Three cats, one dog and one mouse were confirmed with the bacterial disease, all associated with residences along the Interstate 25 corridor between Cerrillos Road and Old Las Vegas Highway.
The disease is carried by fleas often found on rodents, but the fleas can transmit plague when they hop to a person or pet and bite it looking for a blood meal.
You also can catch plague through direct contact with diseased animals.
“We are seeing die-offs of rabbits, squirrels, pack rats and various rodents in several areas of New Mexico from both plague and tularemia,” said Dr. Paul Ettestad, public health veterinarian, in a news release.
People are advised to prevent their pets from roaming, consider appropriate flea control, clean up areas such as wood and brush piles that attract rodents, have any sick pets promptly examined by a veterinarian, and see their own doctor about any suspicious illness.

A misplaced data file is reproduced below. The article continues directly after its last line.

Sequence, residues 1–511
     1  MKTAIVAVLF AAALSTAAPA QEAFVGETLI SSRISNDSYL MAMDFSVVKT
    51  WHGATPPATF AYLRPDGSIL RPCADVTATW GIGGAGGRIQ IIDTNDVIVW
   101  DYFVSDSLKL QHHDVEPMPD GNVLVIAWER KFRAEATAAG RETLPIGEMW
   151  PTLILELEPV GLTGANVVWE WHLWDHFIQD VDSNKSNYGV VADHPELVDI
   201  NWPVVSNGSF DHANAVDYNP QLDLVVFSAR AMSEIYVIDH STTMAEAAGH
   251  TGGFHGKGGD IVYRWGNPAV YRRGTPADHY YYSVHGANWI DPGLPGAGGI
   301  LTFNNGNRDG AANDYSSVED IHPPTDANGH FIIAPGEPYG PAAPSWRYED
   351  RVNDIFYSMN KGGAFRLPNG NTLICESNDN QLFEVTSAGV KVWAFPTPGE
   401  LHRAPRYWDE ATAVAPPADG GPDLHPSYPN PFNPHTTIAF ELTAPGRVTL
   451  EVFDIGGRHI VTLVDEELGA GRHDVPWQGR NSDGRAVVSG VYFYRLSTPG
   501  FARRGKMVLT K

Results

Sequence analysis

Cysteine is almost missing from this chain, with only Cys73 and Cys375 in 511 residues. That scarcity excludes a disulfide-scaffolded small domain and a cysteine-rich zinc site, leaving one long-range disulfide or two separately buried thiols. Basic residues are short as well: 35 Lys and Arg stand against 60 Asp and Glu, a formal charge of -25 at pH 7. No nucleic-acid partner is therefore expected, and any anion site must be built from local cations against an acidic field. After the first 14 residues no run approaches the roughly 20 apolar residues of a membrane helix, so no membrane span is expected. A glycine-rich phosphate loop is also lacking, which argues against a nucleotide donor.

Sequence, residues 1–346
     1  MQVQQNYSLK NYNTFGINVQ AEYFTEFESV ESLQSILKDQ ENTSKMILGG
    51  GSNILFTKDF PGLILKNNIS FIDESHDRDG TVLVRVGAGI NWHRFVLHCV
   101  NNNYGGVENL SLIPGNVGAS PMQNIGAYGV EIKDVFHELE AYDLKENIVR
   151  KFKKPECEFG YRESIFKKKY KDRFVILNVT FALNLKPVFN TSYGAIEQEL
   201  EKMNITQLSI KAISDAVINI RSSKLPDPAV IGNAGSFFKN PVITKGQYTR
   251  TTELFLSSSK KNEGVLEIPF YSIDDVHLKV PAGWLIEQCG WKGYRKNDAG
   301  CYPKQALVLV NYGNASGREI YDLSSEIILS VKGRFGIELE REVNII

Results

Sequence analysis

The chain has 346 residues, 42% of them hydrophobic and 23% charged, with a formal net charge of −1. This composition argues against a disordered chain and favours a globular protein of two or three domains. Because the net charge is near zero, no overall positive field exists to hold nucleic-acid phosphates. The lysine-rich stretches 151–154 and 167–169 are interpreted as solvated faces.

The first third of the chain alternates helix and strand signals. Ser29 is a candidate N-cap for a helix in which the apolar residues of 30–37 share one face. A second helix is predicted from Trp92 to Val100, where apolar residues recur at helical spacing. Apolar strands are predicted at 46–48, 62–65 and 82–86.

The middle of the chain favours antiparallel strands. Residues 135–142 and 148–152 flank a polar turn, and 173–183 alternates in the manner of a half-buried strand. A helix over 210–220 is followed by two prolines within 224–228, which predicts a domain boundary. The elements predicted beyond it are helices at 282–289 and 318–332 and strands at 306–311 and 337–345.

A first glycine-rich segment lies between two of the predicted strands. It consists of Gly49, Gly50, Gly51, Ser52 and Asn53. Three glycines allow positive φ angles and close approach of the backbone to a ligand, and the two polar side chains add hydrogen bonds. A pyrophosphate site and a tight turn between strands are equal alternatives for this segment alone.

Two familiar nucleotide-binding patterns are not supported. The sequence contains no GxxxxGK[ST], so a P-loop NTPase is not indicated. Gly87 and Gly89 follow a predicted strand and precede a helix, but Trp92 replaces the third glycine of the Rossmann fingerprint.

Symptoms of plague in humans include sudden and severe fever, chills, headache and weakness, as well an painful lymph node swelling in the groin, armpit or neck.
In animals, plague can be signaled through fever, lethargy and loss of appetite, along with swelling under the jaw.
In 2014, 17 cases of plague were reported in dogs and cats in New Mexico and two cases were reported in humans, both of whom recovered. The previous year saw four human plague cases in New Mexico, with one person dying.